Augustine weapons are presented as offering the prospect of battle field winning technologies. Increasingly, capital and technology will replace military personnel and personnel will become higher skilled. The emergence of remote warfare also raises ethical questions. The high and rising unit costs of Augustine weapons raise the future prospect that wars might become unaffordable. They also have implications for the armed forces and defence industries. These new weapons systems need to be subject to critical economic analysis exploring the relationship between technology and weapons and their impacts on defence policy. In one sense, Augustine weapons are not new: like all weapons, they are lethal systems involving death and destruction, blood and ruins.2

Some economics

The central message of economics is that a society’s resources are scarce and have numerous alternative uses. There is the classic ‘guns versus butter’ choice which affects all economies. More resources for defence means less for civil uses: military forces are not immune to this simple insight. It is an insight which military personnel ignore at their peril. Generals can have the latest all singing and dancing tanks; admirals can have the latest aircraft carriers and their jets; and air marshals can enjoy state of the art fighter jets, but none of these are costless. Something has to go: just as in any competitive economy, more expensive investments probably mean job losses. Certainly, high technology is not costless. Costly Augustine weapons come at a price. Being so costly, smaller quantities are bought with impacts on the size of armed forces and defence industries, forming the ‘price’ of Augustine weapons.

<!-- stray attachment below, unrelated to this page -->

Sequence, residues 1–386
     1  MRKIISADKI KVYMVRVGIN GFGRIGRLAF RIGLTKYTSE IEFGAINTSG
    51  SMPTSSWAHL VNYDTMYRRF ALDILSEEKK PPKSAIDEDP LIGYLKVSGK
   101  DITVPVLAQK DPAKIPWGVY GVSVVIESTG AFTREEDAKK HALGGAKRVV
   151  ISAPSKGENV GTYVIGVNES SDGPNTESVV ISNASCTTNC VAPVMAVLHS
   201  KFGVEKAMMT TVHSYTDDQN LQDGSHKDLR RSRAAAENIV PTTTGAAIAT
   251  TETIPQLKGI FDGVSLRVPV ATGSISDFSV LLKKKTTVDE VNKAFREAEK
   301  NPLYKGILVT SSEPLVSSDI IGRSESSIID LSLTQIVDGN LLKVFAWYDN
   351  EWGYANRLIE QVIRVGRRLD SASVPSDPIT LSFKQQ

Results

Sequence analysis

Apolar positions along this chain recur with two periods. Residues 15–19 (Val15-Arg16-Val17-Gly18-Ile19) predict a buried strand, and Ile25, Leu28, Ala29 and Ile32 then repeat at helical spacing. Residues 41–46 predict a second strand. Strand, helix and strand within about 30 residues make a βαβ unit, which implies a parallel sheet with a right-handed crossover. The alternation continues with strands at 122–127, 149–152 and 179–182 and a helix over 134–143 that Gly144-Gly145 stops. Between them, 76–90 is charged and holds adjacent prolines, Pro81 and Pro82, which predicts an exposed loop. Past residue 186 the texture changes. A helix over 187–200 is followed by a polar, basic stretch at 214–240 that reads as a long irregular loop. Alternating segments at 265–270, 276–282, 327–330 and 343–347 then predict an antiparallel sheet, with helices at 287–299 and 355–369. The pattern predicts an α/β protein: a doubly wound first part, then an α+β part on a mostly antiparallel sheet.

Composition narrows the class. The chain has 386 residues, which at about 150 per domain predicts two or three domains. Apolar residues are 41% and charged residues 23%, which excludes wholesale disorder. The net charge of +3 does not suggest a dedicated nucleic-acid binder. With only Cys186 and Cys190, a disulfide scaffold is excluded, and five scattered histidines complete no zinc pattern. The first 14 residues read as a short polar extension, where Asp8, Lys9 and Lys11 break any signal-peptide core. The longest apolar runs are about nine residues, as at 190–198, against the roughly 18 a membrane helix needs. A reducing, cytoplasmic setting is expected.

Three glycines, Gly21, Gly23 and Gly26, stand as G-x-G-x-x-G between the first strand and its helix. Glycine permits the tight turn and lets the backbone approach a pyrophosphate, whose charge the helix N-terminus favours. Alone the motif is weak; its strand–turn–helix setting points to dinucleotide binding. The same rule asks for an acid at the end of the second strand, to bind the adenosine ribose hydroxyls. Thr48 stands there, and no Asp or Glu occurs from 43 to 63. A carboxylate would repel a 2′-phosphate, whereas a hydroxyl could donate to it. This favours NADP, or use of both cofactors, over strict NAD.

Military forces

At a higher and rising real unit cost, Augustine systems will be bought in smaller quantities (fewer are bought at a higher price). UAVs can be operated by ground-based crews, they have substantial range and endurance and can fly for longer periods of time compared with manned surveillance aircraft (e.g. maritime patrol aircraft). Simulators will replace actual operational flying so reducing the wear and tear of operational flying with a reduced demand for replacement aircraft. Overall, Augustine systems need greater skills inputs for their operation, maintenance and repair, so there will be a greater demand for more highly skilled military personnel.

Drones will impact the numerical strength of the armed forces. Augustine weapons mean smaller forces, but this effect will be offset by opportunities to purchase larger quantities of small cheap drones. There will be impacts on the training and support roles for military personnel. Simulators can be used for training so reducing the need for costly manned flights of expensive combat aircraft, with corresponding reductions in maintenance and repair bills.

Defence industries

Augustine weapons mean smaller volumes of costly systems for defence industries whilst drones mean the opposite, namely, larger quantities of cheap systems. Both types of weapons will mean defence industries becoming even more technology and R&D-intensive.